Vehicle: Car: Engine: Electric
Electrical Conveyor Motor   (+1, -3)  [vote for, against]
Stretched Electric Motor

Imagine the current electric motor assembly with its coil and brushes.

Now take the copper coil and its magnets, and extend this ring through repetition into a belt.

Instead of a single spindle, there are two, one at each end of this conveyor shaped motor.

The centrifugal force needed to maintain the rotation of the motor would come from a flywheel mounted flat above or below the motor via a transfer gear of some kind.

This might allow for the equivalent of two larger motors in one flatly mounted package unless my idea is really really bad and I am missing/forgetting/not knowing something.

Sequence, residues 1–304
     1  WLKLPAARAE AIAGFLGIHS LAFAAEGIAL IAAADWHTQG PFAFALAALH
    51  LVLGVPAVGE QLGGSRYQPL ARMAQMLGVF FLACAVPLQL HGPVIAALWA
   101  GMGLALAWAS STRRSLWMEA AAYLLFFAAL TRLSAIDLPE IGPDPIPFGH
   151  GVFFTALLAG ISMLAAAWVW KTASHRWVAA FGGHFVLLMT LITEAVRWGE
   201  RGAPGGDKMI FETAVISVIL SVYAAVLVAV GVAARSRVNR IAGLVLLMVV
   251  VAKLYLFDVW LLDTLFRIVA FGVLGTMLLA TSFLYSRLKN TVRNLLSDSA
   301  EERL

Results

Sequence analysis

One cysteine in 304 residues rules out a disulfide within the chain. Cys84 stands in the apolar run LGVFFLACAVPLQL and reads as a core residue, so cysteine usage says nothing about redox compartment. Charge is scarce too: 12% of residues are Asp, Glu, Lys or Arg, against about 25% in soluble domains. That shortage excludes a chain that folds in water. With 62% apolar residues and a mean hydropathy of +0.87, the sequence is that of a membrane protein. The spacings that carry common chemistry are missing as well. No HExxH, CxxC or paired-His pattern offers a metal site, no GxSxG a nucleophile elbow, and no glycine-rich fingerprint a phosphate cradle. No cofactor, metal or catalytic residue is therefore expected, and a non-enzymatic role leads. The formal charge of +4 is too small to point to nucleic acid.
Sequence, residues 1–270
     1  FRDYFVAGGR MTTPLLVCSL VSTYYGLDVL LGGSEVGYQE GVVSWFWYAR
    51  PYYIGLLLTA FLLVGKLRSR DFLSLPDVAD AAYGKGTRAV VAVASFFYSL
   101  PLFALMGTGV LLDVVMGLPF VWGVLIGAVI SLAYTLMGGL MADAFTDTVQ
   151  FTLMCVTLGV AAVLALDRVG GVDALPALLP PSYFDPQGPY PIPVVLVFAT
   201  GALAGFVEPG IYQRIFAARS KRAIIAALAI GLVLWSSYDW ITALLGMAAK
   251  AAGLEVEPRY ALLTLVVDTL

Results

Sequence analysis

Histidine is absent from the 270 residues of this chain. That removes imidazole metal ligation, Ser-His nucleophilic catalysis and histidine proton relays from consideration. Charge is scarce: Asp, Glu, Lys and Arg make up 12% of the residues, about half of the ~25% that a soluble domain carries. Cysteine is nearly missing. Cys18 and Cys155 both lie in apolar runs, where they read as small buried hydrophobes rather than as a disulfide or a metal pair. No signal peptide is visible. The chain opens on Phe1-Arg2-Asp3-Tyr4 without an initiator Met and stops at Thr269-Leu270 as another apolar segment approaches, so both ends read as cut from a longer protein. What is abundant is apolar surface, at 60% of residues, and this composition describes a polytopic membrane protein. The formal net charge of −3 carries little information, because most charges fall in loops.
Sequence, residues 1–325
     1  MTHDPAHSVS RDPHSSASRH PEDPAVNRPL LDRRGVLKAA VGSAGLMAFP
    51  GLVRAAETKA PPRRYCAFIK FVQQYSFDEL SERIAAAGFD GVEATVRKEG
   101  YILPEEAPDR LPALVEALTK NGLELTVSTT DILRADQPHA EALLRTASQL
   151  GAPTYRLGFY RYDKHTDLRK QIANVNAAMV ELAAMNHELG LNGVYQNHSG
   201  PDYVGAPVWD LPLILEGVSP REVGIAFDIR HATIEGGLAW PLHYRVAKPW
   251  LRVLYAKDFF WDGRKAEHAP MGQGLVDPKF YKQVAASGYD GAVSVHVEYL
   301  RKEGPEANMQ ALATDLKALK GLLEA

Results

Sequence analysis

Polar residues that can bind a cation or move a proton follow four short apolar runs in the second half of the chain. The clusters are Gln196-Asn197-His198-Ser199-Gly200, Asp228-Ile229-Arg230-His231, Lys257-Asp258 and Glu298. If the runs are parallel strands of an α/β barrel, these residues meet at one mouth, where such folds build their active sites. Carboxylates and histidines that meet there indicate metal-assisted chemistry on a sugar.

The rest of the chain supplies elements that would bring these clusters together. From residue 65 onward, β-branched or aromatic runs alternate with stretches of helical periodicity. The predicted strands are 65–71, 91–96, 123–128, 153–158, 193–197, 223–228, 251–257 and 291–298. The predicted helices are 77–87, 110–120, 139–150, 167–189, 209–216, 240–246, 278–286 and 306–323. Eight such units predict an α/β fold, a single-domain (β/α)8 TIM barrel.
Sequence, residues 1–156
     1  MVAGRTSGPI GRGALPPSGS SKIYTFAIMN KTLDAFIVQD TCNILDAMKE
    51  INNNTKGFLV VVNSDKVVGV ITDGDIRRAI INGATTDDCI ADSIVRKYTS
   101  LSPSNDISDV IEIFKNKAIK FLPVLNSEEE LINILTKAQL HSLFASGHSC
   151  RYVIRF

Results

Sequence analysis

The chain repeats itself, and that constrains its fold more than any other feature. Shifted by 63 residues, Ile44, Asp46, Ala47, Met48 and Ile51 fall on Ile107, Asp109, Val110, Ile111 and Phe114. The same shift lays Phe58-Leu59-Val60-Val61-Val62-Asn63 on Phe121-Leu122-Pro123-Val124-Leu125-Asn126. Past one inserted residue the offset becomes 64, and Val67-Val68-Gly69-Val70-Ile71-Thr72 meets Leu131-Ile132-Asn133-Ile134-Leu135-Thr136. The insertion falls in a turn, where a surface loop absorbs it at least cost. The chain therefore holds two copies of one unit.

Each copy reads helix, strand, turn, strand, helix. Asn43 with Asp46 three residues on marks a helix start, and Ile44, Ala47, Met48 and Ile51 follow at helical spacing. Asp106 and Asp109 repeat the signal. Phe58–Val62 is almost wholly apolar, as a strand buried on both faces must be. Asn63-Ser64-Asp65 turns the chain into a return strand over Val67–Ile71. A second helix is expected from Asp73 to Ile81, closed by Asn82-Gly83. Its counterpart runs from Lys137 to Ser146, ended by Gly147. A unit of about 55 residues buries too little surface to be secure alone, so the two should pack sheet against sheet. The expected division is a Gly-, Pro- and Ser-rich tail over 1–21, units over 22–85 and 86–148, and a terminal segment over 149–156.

-- Giblet, Sep 20 2008

Linear Motor http://en.wikipedia.org/wiki/Linear_motor
[MisterQED, Sep 20 2008]

So you are rolling out a rotary electric motor to make a linear motor. See link and then you are wrapping a belt around it like a tank tread. Belts, especially belts with any mass have problems with tight radius turns, centripetal force and all so it can't go too fast, but I don't see how you have added much to the linear motor idea.
-- MisterQED, Sep 20 2008

not clear on why.......
-- WcW, Sep 21 2008

The main difference between a linear motor and this one is that a linear motor is linear, this one is not. It is rotational.

I figured the two spindles poles would have offset timing, simulating the spinning of one spindle with both poles.

The flywheel is geared to the two spindles to help keep it going.

Now my design has two spindles and is elongated, and the why is to allow the packaging of a very very large coil in relation to its round counterpart. In height that is.

One spindle could power, say, the front wheels of a car, and the rear spindle could power, say, the rear wheels of a car.
-- Giblet, Sep 21 2008

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